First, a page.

However, it can not remove thick or dense keratosis. The skin feels raw and swollen. It is tough to predict how each patient’s skin will react. This treatment requires considerable post-procedure care. Additionally, the healing period lasts long. Moreover, as this treatment requires multiple sessions, it ends up being an expensive alternative.

All methods of removal have their disadvantages. Firstly, each growth requires individual treatment. This prevents the treatment of multiple lesions in a single session. Secondly, the area treated may remain lighter. This allows a mark to remain in place of the growth removed. And lastly, though the growth rarely recurs, new ones may appear in other areas of the body.

Timeline for Seborrheic Keratosis

 

Usually, these growths occur in 90% of adults above 60 years of age. Generally, the onset of these growths begins in the 30s or 40s in men and women of all races. As these growths are benign, there is usually no medical reason to treat them. However, patients may choose to remove them for aesthetic reasons. Additionally, they may remove them to prevent constant irritation caused by clothing. Some of the treatments include cutting them off, cryosurgery, and electrosurgery.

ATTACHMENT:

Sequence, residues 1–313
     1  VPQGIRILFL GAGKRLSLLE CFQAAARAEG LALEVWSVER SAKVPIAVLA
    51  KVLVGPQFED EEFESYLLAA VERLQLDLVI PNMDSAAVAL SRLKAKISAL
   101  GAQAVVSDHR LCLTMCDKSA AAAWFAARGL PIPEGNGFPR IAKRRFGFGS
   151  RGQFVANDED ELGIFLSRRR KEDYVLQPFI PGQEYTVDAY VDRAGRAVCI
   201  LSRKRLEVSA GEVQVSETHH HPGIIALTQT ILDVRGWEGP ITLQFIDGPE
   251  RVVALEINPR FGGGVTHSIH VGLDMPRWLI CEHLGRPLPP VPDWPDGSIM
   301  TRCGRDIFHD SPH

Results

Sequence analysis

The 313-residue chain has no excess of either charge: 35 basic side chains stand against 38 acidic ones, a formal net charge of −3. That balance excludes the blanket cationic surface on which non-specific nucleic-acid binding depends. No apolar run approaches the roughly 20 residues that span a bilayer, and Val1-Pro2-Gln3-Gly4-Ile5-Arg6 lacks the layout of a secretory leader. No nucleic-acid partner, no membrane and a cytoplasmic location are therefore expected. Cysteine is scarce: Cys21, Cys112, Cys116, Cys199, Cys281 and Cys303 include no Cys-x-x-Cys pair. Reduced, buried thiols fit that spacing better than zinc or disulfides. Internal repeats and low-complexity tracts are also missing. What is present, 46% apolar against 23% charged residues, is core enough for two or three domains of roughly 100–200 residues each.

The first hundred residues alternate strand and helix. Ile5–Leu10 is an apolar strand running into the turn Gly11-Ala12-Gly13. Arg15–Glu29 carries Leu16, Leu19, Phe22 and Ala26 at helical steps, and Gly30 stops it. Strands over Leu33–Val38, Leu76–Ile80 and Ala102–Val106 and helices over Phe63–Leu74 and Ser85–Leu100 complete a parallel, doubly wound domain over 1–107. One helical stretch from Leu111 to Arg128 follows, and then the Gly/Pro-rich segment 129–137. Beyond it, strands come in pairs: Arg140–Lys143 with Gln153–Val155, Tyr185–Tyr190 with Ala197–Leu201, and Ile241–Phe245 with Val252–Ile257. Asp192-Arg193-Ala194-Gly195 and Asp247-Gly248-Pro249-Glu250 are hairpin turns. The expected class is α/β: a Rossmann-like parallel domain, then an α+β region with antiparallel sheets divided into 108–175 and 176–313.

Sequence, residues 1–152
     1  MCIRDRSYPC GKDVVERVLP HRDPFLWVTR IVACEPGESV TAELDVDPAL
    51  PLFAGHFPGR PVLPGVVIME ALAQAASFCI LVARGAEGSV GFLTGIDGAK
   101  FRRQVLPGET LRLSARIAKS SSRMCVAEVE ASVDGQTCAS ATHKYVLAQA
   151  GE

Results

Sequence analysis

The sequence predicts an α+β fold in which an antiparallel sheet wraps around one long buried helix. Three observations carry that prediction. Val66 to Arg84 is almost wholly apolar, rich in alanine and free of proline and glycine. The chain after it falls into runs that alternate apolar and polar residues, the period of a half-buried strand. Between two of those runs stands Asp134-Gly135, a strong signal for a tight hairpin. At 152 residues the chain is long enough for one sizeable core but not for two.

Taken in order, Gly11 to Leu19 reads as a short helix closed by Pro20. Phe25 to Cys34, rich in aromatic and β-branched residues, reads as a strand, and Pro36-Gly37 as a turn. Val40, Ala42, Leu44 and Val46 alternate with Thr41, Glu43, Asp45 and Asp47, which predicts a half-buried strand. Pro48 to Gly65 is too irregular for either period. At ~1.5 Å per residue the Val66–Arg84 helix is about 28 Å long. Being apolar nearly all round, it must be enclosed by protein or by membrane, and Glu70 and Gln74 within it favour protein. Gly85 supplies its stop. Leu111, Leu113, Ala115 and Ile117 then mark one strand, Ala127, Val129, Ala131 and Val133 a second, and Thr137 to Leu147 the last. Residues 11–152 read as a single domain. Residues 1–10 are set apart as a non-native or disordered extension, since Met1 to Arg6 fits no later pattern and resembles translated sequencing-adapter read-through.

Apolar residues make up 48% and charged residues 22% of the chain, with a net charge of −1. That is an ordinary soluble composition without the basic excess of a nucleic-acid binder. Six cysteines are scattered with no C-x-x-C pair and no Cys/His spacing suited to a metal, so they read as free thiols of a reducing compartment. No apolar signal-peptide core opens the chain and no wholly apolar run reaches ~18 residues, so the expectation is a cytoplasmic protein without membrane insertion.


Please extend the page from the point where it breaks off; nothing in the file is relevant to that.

Dermatologists diagnose seborrheic keratosis by a visual and physical examination. The following procedures are used when it's difficult to differentiate it from cancerous growths:

  • Dermatoscopy
  • Partial shave
  • Punch biopsy
  • Diagnostic excision

We are working on the content. For more information contact
Our patient support team on the number given below.
Kindly co-operate with us.

Call : +91-7498 906 403

Do & Don't for Tattoo Removal

DO: Keep the affected area clean and dry.
DO: Apply antibiotic ointment 2-3 times a day.
DO: Keep it covered for the first 2-3 days.

DON’T: Take hot baths.
DON’T: Expose it to direct sunlight.
DON’T: Use any cosmetics, since they can irritate the skin.
DON’T: Scrub the treated area since it is sensitive.

Do & Don't for Getting Acne Scars

DO: Visit your dermatologist in the initial stages.
DO: Follow a healthy skincare regime to prevent acne.
DO: Use products that reduce inflammation and redness.
DO: Moisturise your skin.

DON’T: Over-exfoliate.
DON’T: Pop and poke your pimples.
DON’T: Try home remedies as they don’t work.
DON’T: Delay the treatment of your acne.